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Examples of key factors suggestive of group 2 pulmonary hypertension 

Examples of key factors suggestive of group 2 pulmonary hypertension 

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Guidelines summarize and evaluate all available evidence on a particular issue at the time of the writing process, with the aim of assisting health professionals in selecting the best management strategies for an individual patient with a given condition, taking into account the impact on outcome, as well as the risk–benefit ratio of particular dia...

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... Angina, exertional dyspnoea, exhaustion, feebleness, presyncope, and syncope are all typical signs of pulmonary hypertension [14]. With progressive right ventricular failure, fluid administration needs close monitoring as it may cause abdominal distention and pedal oedema due to progressive right ventricular failure. ...
... With progressive right ventricular failure, fluid administration needs close monitoring as it may cause abdominal distention and pedal oedema due to progressive right ventricular failure. Hepatomegaly, ascites, peripheral oedema, a tricuspid regurgitant murmur, an augmented second heart sound, a third heart sound from the right ventricle, raised jugular venous pressure having an uncharacteristic waveform, low-volume arterial pulses, and left parasternal lift or retraction are all possible physical findings [14]. Because the clinical supervision of pulmonary arterial hypertension in children is frequently non-specific, diagnosing the condition may be challenging. ...
Article
Pulmonary hypertension (PH) is a complex condition that can occur as a result of a wide range of disorders, including left heart disease, lung disease, and chronic pulmonary thromboembolism. Multiple improvements have been made in the diagnosis and treatment of pulmonary arterial hypertension (PAH) including a greater understanding of the involvement of extrapulmonary vascular organ systems, validated point of care, clinical assessment tools, and a focus on the initial exposure of numerous pharmacotherapeutics in the appropriate level of care. To achieve a minimal symptom burden, improve the patient's biochemical, hemodynamic, and functional profile, and reduce adverse impact, early diagnosis of PAH is a key objective today. The preferred method of management for thromboembolic PH, which is chronic, is pulmonary endarterectomy since the majority of affected patients are operable. The timing of pulmonary endarterectomy should never be delayed for medical reasons, and risk stratification can enable us to select patients who have a high chance of success. Patients who are not qualified for endarterectomy should be referred for drug trials. Even though there are more effective ways to guarantee a sufficient, long-lasting septostomy, atrial septostomy is promising but undervalued. The procedure's indications remain the same and need to be taken into account more frequently. Class III or IV patients who are not improving need to be consulted at a transplant centre as soon as possible as they may be candidates for potential recipients of bilateral sequential lung or heart-lung transplants, which is a significant choice for some people. PH is rarely linked to other conditions like connective tissue or thromboembolic disease. It is either idiopathic or linked to congenital heart disease. Infants and children with PH are more frequently recognised in conjunction with a congenital diaphragmatic hernia and developmental lung diseases like bronchopulmonary dysplasia. Although the underlying disease has not yet been treated and advanced structural changes have not yet been reversed, the value of natural life and survival have suggestively increased. Children's haemodynamic and functional outcomes have improved as a result of endothelin receptor antagonists, prostacyclin analogues, and phosphodiesterase type 5 inhibitors, which are examples of targeted pulmonary vasodilator therapies. The health maintenance of paediatric PH is still difficult because treatment decisions are largely based on the findings of adult studies that have been supported by evidence and the clinical expertise of paediatric specialists.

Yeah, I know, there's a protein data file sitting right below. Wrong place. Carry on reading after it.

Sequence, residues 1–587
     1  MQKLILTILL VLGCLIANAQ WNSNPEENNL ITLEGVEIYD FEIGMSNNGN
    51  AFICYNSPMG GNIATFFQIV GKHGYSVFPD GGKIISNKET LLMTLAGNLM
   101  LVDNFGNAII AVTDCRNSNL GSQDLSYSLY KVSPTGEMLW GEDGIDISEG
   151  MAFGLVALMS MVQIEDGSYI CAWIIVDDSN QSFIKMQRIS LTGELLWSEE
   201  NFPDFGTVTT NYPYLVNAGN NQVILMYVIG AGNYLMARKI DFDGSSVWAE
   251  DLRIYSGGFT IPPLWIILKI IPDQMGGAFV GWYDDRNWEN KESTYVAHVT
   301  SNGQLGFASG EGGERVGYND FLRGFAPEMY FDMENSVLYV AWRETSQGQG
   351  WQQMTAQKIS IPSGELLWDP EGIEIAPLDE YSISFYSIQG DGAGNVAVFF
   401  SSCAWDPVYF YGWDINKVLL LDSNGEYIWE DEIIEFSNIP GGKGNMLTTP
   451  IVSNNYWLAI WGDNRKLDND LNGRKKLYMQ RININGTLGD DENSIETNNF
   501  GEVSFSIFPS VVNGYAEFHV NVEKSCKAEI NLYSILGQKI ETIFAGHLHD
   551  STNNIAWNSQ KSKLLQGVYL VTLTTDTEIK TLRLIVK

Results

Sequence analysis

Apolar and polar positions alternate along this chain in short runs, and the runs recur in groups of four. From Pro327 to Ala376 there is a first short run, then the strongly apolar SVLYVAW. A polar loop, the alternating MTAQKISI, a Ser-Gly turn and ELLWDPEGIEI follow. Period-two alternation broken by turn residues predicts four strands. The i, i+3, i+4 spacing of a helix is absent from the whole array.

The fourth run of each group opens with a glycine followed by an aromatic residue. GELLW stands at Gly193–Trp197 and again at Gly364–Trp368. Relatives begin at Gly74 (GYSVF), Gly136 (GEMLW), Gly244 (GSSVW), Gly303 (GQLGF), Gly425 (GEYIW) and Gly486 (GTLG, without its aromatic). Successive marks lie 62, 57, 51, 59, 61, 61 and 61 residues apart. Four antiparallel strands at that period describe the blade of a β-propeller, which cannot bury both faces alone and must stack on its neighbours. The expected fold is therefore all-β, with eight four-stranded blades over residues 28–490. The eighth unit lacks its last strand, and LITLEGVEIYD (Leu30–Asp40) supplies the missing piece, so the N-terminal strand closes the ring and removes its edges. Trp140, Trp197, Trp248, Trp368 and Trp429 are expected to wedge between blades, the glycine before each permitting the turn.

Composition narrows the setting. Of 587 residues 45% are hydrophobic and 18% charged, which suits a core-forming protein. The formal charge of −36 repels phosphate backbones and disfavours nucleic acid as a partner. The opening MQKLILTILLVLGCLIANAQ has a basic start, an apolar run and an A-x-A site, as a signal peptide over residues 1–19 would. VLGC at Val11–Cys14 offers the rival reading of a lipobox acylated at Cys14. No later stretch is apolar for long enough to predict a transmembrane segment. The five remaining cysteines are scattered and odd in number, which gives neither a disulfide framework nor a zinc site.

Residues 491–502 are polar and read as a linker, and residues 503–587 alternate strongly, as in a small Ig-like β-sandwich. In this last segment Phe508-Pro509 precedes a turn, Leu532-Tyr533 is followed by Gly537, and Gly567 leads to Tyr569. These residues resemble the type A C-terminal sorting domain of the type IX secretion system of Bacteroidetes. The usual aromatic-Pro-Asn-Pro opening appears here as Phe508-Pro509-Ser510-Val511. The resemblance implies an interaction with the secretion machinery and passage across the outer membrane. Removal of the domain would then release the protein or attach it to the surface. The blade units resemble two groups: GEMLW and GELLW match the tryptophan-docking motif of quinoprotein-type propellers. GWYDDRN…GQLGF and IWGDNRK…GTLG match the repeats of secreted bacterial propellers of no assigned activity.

... Sarcoidosis is a rare granulomatous multi-organ disease of unknown cause, most commonly affecting the lungs [1]. A well-known severe complication of sarcoidosis is pulmonary hypertension (PH), defined as a mean pulmonary artery pressure of ≥25 mm Hg (mPAP ≥ 25 mm Hg) at rest as assessed by right heart catheterization [2]. Reported prevalence rates of PH in sarcoidosis patients vary widely; ranging from 3% in a prospective cohort of predominantly white patients [3] to 74% in patients awaiting lung transplantation [4]. ...
... According to European guidelines, PH can be clinically categorized into five groups with a similar clinical presentation, pathological findings, and hemodynamics. Sarcoidosis-associated PH (SAPH) is categorized as Group 5, PH with an unclear and/or multifactorial mechanism [2]. The underlying pathophysiological mechanism and subsequent clinical phenotype of PH in sarcoidosis are diverse [6]. ...